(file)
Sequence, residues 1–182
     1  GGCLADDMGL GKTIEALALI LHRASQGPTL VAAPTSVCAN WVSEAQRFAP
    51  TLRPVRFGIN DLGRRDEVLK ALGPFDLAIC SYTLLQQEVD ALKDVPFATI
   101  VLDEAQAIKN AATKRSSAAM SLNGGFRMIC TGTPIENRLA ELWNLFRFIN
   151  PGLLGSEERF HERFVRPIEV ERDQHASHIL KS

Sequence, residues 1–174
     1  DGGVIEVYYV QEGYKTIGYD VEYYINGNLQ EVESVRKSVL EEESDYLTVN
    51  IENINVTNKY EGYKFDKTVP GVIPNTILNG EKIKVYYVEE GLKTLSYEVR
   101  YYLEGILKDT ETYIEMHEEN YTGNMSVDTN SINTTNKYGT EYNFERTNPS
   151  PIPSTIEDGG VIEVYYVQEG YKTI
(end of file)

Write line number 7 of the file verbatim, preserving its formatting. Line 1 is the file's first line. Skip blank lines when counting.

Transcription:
     1  DGGVIEVYYV QEGYKTIGYD VEYYINGNLQ EVESVRKSVL EEESDYLTVN